More Low-Carbon Energy News EPA,  "Hardship" Waivers,  American Soybean Association,  


    Growth Energy CEO Rebuts EPA Zero Demand Destruction Claim (Opinions, Editorials & Asides)
    Growth Energy, RFS, EPA
    Date: 2019-08-21
    In response to the EPA's recent claim -- "There is zero evidence that EPA's congressionally mandated small refinery exemption program has had any negative impact on domestic corn ethanol producers" -- Growth Energy CEO Emily Skor issued the following statement.

    "The latest reports say President Trump 'felt misled' about the EPA's most recent batch of small refinery exemptions. That's hardly a surprise. The EPA spent months trying to paper over the devastating impact these refinery (waiver) handouts have had on farm communities and rural workers in America's biofuel sector. They can't hide the simple fact that dozens of biofuel plants have cut production, and ethanol consumption fell for the first time in 20 years in the wake of these exemptions. Closures in Iowa, Illinois, Kansas, Minnesota, Florida, Virginia, Texas, Pennsylvania, Missouri and Nebraska are only the beginning.

    "Just today, the world's largest ethanol producer closed a major plant in Indiana and cut production across seven states. Hundreds of millions of gallons of production are offline, and hundreds of millions of bushels of grain are falling in value, just as farmers face the worst economic conditions in a generation.

    "The Renewable Fuel Standard (RFS) creates an incentive that opens the market to biofuel blends, including the E15 that President Trump personally embraced. These exemptions destroy that incentive, pure and simple. You cannot carve billions of gallons from America's biofuel targets and still keep this administration's promises to farm families. EPA needs to account for these lost gallons immediately and start repairing the damage before more rural communities lose hope for a comeback."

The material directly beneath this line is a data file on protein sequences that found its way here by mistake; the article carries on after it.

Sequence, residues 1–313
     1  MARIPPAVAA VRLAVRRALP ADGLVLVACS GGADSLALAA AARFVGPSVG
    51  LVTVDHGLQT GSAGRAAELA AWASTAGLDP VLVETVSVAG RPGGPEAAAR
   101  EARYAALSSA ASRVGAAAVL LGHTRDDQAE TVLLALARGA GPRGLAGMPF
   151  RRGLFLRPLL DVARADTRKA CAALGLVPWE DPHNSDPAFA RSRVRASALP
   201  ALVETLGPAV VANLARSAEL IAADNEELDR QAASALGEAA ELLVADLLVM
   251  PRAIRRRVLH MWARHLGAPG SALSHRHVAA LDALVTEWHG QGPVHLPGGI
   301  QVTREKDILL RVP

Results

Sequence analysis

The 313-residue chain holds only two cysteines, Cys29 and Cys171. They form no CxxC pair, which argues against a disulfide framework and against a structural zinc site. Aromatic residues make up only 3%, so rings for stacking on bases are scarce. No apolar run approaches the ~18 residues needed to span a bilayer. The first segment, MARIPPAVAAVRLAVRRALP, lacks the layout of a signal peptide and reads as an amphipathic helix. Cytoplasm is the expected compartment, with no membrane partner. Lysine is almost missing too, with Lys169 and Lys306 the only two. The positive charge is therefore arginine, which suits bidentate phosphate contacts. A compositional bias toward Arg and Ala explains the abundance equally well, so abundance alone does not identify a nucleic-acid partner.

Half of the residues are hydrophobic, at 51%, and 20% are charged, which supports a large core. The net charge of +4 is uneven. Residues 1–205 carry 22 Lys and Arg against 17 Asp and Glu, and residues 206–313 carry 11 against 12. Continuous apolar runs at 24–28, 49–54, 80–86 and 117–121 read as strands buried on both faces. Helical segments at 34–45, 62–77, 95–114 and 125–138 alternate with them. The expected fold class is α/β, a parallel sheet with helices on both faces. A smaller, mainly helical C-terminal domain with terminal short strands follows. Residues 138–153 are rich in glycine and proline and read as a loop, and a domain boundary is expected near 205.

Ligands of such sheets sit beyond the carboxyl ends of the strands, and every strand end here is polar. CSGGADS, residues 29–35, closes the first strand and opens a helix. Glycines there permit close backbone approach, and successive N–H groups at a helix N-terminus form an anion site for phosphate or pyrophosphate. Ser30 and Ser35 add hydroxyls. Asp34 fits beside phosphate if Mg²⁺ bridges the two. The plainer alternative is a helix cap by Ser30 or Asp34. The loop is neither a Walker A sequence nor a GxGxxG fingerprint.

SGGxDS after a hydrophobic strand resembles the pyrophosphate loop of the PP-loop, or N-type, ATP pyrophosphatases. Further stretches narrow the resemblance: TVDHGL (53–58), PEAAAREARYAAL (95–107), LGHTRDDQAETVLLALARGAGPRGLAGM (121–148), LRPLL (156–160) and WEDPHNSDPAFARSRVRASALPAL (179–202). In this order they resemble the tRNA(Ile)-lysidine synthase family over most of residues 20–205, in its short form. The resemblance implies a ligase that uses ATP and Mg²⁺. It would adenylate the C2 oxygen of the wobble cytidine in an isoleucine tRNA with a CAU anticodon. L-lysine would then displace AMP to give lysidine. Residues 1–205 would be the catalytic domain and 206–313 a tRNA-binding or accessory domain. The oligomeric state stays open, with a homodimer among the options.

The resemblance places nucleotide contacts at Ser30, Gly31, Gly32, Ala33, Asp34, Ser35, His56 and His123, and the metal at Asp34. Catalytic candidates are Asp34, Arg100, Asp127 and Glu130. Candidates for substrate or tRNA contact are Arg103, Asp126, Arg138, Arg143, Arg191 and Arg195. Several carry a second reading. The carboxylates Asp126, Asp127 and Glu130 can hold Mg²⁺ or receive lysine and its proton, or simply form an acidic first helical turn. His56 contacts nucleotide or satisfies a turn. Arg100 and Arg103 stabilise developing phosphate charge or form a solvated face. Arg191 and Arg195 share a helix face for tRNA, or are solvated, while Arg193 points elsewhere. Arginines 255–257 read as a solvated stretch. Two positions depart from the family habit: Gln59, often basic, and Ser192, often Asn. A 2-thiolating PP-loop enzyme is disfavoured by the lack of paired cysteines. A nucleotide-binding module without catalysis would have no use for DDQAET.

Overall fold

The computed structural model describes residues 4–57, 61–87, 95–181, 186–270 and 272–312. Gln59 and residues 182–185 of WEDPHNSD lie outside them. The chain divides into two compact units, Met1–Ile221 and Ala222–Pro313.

Growth Energy represents producers and supporters of ethanol working to bring consumers better choices at the fuel pump, grow America's economy and improve the environment. (Source: Growth Energy, 21 Aug., 2019) Contact: Growth Energy, Emily Skor, CEO, Elizabeth Funderburk, (202) 545-4000, EFunderburk@GrowthEnergy.org, www.growthenergy.org

    More Low-Carbon Energy News Growth Energy,  RFS,  Renewable Fuel Standard,  


    "We've Had Enough!" -- NBB Comments on EPA's RFS Waivers (Opinions, Editorials & Asides)
    NBB
    Date: 2019-08-16
    "Here we go again. Last week, the U.S. EPA granted 31 out of 38 retroactive small refinery exemptions for 2018. I can't contain the frustration and utter disappointment I have with how this administration is handling its responsibility of administering the RFS.

    "Congress passed the Renewable Fuel Standard (RFS) back in 2007, signed into law by George W. Bush -- a lifelong oil and gas guy. The law was passed to encourage investment in advanced biofuels like biodiesel, renewable diesel and renewable jet fuel. Biodiesel producers responded, making the investments and building an industry that today produces more than 2 billion gallons of transportation fuel each year. This market also provides added value to feedstocks such as soybean oil, used restaurant oil and animal fats.

    "The oil industry feverishly insists that the ethanol industry isn't harmed by small refinery exemptions because production has grown. But what about biodiesel? They never mention us because they know that small refinery exemptions disproportionately affect biodiesel because of the way the RFS is constructed.

    "We have said again and again -- biodiesel is very different from ethanol. The president (Trump) was instrumental in clearing the path for higher blends of ethanol year-round when he lifted the RVP waiver this summer, which we were supportive of. He and his EPA administrator have mentioned E15 when they have spoken about what they believe to be the minor impact of exempting RFS gallons. It's as though they think we are dumb enough to not understand that they are giving with one hand but taking away with the other.

    "Now, back to biodiesel. E15 does nothing to expand demand for biodiesel. Ethanol is not biodiesel. In fact, the RFS recognized this by establishing its own category for biodiesel, separate from ethanol, called biomass-based diesel. Policymakers at the time recognized the need to segment biodiesel and renewable diesel within the bigger RFS pool so that growth in those products could be differentiated in the overall program and we would see advancements of biofuels in both the gasoline and diesel sector.